Wide receiver Odell Beckham Jr.
Before Beckham was carted off the field with a potential season-ending ankle injury, the Chargers couldn’t stop him. He finished the game with five receptions for 97 yards and a touchdown that gave the Giants the lead. The celebration was classic Beckham: pretending to give the ball CPR (without mouth-to-mouth) in the end zone. It appeared the Giants were going post their first W. When he went down, so did the Giants. It’s an absolute shame Beckham’s day ended the way it did, especially after his performance.
Running back Orleans Darkwa
Darkwa had the best day any Giants running back has had this season. He ran for 69 yards on eight carries and scored the first rushing touchdown this season by a Giants back. Darkwa averaged 8.6 yards per carry and he rushed for more yards Sunday than Paul Perkins had all season. His Sunday performance left Giants fans with two questions: Why wasn’t he installed in the offense earlier in the season when it could have made a difference and why didn’t the Giants use him more against the Chargers?
Defensive tackle Damon Harrison
The Man Called Snacks feasted on the Chargers offense all game. He finished five tackles, including one for a loss. Harrison was constantly in Philip Rivers’ face with multiple quarterback pressures and a quarterback hit. Harrison was the defensive line’s best player Sunday. This is especially noteworthy because Olivier Vernon didn’t play with an injury and Jason Pierre-Paul underachieved.
Tight end Evan Engram
Engram led all rookie tight ends in receptions (19) and yards (200) entering Week 5. He was invisible against the Chargers with no receptions on four targets. Engram also couldn’t get it done from the fourth wide receiver spot on the Giants’ final offensive drive. This was only Engram’s fifth professional game and sometimes rookies will have games such as the one he had yesterday. Still, he needed to make his presence felt, especially in a game in which the Giants lost four wide receivers.
Quarterback Eli Manning
Manning disintegrated as soon as Beckham left the game, virtually disintegrating the Giants’ chances at victory from the field with an ill-timed fumble and an interception. Statistically, his day wasn’t bad: 21-of-36 for 225 yards, two touchdowns, and interception. Manning’s biggest problem is he makes mistakes in the most critical moments. He’s been in this league long enough to know what not to do: which is give the ball back to the other side with time winding down. Critics have been saying it’s time for the Giants to move on from Manning and his performance after Beckham went down did little to quiet the voices. He gets a caveat because no quarterback can be expected to win after losing four wide receivers (including three starters) to injury in the same game. At the same time, Manning can’t do anything to lose the game for his team.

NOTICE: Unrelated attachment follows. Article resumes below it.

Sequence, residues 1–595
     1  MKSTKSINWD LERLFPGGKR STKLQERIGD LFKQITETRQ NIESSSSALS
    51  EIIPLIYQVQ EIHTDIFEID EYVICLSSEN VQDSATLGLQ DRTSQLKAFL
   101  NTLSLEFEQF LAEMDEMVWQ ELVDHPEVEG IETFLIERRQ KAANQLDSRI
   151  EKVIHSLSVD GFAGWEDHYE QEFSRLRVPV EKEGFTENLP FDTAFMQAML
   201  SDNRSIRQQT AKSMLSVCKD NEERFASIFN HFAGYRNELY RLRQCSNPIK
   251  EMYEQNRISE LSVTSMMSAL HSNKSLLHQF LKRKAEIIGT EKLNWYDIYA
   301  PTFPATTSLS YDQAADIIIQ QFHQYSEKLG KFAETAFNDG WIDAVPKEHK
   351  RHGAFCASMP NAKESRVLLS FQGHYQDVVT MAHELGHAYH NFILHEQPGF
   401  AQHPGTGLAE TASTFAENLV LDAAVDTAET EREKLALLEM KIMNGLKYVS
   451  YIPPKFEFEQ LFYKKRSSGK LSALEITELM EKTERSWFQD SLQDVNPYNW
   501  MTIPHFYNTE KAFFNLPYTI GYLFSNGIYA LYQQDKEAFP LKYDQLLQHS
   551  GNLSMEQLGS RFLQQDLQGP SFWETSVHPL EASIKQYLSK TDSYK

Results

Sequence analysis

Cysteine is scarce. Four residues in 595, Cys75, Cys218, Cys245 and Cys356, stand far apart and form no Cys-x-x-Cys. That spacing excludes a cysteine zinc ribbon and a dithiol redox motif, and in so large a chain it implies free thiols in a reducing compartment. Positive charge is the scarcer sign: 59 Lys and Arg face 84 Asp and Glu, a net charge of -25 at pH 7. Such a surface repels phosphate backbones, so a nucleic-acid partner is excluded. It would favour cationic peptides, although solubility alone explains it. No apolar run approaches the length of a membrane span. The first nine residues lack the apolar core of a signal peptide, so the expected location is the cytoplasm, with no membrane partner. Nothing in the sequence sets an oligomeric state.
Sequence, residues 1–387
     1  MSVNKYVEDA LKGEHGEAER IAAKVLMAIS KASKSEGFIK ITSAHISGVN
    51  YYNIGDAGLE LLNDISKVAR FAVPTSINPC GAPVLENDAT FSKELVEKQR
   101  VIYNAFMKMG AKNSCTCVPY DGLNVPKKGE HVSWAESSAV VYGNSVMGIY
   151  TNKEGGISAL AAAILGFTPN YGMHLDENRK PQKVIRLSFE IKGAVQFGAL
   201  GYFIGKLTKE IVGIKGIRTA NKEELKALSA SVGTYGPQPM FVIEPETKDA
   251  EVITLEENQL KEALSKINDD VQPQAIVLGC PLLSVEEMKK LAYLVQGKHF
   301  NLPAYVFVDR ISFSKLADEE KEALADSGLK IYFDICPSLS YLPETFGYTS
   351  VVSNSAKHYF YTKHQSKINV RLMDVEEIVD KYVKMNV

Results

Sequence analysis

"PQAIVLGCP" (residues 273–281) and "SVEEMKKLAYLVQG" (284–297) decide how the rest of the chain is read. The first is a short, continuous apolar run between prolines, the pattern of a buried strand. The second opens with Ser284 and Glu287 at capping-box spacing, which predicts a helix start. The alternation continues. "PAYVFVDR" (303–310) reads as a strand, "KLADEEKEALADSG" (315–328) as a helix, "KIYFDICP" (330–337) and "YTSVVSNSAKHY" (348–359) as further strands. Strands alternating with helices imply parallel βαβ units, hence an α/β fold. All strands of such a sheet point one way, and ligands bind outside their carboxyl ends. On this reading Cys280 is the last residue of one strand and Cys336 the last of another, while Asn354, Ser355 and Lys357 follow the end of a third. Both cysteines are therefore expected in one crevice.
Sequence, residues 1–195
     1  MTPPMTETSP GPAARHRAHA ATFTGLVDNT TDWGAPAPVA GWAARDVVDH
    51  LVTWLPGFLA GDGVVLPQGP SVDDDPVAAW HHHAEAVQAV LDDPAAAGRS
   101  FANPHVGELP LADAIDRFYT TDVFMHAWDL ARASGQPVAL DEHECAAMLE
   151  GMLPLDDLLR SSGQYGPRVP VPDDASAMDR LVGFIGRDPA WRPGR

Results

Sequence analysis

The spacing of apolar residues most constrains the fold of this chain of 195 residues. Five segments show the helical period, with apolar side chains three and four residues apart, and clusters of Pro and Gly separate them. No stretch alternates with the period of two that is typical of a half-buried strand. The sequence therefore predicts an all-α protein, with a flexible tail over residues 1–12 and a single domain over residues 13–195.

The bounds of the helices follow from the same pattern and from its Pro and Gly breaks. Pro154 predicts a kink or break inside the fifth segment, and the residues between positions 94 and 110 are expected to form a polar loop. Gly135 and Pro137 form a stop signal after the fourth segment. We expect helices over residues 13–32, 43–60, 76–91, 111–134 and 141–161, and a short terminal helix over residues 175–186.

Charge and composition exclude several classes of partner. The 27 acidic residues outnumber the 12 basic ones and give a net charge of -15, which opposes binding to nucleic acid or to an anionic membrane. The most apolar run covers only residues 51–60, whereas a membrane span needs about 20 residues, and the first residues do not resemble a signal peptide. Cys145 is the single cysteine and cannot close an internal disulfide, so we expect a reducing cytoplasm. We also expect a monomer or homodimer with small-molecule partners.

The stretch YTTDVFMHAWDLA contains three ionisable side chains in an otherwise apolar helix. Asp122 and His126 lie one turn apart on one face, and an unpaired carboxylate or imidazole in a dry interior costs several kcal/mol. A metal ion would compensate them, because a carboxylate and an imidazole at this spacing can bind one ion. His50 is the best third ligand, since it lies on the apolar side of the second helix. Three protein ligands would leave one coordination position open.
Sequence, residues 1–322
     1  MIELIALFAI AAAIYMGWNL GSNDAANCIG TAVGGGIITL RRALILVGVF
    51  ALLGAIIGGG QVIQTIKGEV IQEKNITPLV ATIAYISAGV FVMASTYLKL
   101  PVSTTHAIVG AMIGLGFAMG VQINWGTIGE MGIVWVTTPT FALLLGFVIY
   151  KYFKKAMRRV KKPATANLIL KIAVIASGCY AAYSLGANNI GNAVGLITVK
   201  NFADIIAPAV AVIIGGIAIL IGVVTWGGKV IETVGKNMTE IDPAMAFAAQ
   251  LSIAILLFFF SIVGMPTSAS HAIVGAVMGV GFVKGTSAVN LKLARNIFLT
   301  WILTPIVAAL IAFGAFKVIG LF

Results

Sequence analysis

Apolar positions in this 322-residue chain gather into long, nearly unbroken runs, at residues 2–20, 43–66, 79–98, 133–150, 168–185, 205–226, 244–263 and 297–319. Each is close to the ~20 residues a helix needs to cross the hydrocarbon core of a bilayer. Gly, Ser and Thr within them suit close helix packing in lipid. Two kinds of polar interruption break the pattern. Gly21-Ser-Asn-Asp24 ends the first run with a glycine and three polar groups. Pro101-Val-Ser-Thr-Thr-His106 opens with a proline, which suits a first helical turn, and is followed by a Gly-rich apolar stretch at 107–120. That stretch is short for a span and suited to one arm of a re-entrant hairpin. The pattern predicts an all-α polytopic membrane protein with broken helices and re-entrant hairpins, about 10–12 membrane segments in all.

Head coach Ben McAdoo
McAdoo’s decision making is reaching idiotic proportions. First, he mysteriously refuses to hand the rock off to Orleans Darkwa after the Chargers showed an inability to slow him down or contain him. Then, there’s the decision to have Odell Beckham Jr. returning kicks after Dwayne Harris went down. Beckham is the Giants’ most important player: why in the hell is he back there returning kicks? Two plays later, Beckham gets injured. An injury can happen at any time or any play. At the same time, a coach should not put his most potent offensive weapon in harm’s way…which is exactly what McAdoo did when he had Beckham returning kicks.
Sunday’s game was a penalty filled slug fest: the Giants had 10 for 67 yards while the Chargers had 11 for 87 yards. The Giants have dealt with this all season long. It’s one thing to be beaten soundly and thoroughly by an opponent. It’s another thing when a team defeats themselves with penalties that allow an offense to get a fresh set of downs or a defense to get off the field.
Some of the reaction to Odell Beckham Jr.’s injury on social media
Odell Beckham Jr. is a polarizing figure. He has done himself no favors with some of his behavior throughout his career. Some of the reaction on social media to his injury, particularly him crying on the field in obvious pain, was downright wrong. Some people were actually happy to see him hurt and angry that he was in tears…as if a fractured fibula doesn’t physically hurt. As a society, we like to act civilized whenever natural disasters and events like what happened in Las Vegas last week take place. We say all the right things and we’re under the belief that we’re advancing forward as human beings. Then, I read some of the disgusting things said about Beckham and how people were actually happy for another human being’s pain. That makes no sense to me…and it never will.